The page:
Restoring the Financial Bridge to the Philippines Smarter
When a pandemic hits in modern times, the impact of it doesn’t play out as people expect. We’re given stories about how viruses or bacteria spread, many are affected, but then valiantly a cure arrives and the world as we know it is saved. It’s the stuff movies are made of. However, in reality, pandemics don’t play out so cleanly following the rules and plots of scripts. Instead, things happen haphazardly, in illogical ways, and they produce unexpected situations.
People Forced to Return Home Blocked Economies
The COVID pandemic triggered a massive economic impact on what was the normal approach and practice of people working overseas and sending funds back to the Philippines for family and friends. This practice, a common one that leverages the differences between currency values of one country to the other, was disrupted by the response to the pandemic. But it wasn’t in an expected manner.
As things shut down worldwide due to social distancing, thousands upon thousands of people were suddenly unable to work. Again, the primary reason they traveled in the first place was to gain work and income that could be sent home. That connection was broken by stores and restaurants and businesses closing their doors. Many of their staff and workers were no longer needed, causing Filipinos from all over to have to return to the Philippines instead. Suddenly, in a matter of a year, the income flow and economic support that was being provided overseas was shut off, and people who provided it were now adding to the cost back home. It was a vivid wake-up call about how a pandemic affects far more than just health.
The Way People Send Money Home Changed
Today, the Philippines, along with everywhere else in the world, is recovering. Again, people are traveling and working abroad to generate income and support their families at home. And that means there is a solid, regular need for transferring funds again in a reliable manner.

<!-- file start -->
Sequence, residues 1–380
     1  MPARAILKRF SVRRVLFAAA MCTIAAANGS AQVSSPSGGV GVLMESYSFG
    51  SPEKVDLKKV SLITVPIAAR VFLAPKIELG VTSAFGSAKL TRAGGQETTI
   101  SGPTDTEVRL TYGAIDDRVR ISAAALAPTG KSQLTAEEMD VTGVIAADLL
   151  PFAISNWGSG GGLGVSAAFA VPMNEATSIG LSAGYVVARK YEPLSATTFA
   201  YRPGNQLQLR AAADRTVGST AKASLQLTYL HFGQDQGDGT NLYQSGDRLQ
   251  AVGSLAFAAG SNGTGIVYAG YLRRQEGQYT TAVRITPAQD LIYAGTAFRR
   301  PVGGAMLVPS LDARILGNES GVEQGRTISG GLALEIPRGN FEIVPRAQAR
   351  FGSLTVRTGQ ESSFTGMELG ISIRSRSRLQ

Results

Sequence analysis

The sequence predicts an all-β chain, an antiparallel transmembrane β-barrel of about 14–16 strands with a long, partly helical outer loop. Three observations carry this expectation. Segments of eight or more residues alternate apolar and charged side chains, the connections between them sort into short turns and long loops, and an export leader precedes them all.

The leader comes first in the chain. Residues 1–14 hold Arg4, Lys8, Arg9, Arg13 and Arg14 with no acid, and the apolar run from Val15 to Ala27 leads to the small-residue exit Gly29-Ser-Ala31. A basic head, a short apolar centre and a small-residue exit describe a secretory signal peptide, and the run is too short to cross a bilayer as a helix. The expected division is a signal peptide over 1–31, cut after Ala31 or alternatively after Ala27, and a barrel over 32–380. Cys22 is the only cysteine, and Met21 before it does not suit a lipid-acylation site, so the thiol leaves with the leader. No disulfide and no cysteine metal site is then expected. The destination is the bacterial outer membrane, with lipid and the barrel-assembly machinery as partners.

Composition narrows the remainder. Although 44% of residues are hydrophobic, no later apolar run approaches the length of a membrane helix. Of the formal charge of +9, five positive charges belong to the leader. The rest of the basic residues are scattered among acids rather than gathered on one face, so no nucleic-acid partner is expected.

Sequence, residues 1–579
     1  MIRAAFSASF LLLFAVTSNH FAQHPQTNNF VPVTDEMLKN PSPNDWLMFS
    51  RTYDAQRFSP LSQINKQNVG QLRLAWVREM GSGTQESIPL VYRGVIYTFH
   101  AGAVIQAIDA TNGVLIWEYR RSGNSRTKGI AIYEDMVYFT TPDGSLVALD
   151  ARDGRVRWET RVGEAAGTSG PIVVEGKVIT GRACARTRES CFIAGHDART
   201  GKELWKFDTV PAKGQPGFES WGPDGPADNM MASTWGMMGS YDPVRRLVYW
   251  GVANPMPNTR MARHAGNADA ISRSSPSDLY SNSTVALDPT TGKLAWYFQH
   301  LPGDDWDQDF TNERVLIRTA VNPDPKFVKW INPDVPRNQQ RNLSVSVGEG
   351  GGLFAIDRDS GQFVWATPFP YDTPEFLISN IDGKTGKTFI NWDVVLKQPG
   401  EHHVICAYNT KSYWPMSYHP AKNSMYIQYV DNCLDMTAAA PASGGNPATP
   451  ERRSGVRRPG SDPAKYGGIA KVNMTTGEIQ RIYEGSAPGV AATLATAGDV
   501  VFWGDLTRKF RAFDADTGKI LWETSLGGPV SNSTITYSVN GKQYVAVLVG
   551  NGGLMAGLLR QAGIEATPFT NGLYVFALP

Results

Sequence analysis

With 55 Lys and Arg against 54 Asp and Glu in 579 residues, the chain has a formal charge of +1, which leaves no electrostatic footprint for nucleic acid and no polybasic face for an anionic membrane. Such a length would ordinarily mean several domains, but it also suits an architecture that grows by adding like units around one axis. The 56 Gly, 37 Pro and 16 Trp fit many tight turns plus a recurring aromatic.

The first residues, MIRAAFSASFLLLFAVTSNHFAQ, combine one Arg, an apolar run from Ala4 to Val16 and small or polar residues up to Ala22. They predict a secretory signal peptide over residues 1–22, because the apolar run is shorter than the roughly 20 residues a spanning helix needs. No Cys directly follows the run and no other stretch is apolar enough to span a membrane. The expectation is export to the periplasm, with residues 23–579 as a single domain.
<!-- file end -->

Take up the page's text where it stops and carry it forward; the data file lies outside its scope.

The matter wasn’t personal when COVID was felt. The Philippine government had the matter square on its radar for many months. The loss of money transfers back to the islands amounted to more than a 9 percent drop in the country’s economy from a gross domestic product perspective. So, finding a way to restore that influx of financial support was a priority to re-establish again as soon as possible.
A key problem that compounded the money transfer problem to the Philippines also included clampdowns on borders and movement controls. Once people were working again, trust in traditional systems was no longer in place. Instead, workers overseas have started experimenting with other tools, specifically digital money transfers instead. Banks and physical branch offices made the mistake of making themselves too inaccessible during the pandemic, and Filipinos didn’t forget. Now, that perspective is being applied in real-time practice. And digital money transfer activity has skyrocketed as a result.
Digital Tools Become the Standard
To send money to the Philippines today is as easy as using a mobile device or computer, and Filipinos abroad are doing exactly that. Before the pandemic, direct cash made up two-thirds of money transfers back home. Today, that amount has almost been replaced with electronic transfers now, and digital tools are making up most of that work. So, considering what the behavior trend is focusing on, it only makes sense to use safe tools whenever possible.
Ria Money Transfer services and trusted transfer providers like it are key in protecting the new digital approach of Filipinos working abroad again. Ria provides workers and family members with the confidence to transfer in peace without concern that the funds will be lost, won’t be exchanged, or won’t arrive on time. All of these things are taken care of competently and can be done with the Philippines as well as over 100 other countries as well. So send money to the Philippines with confidence; just do it right with a trusted transfer provider online like Ria.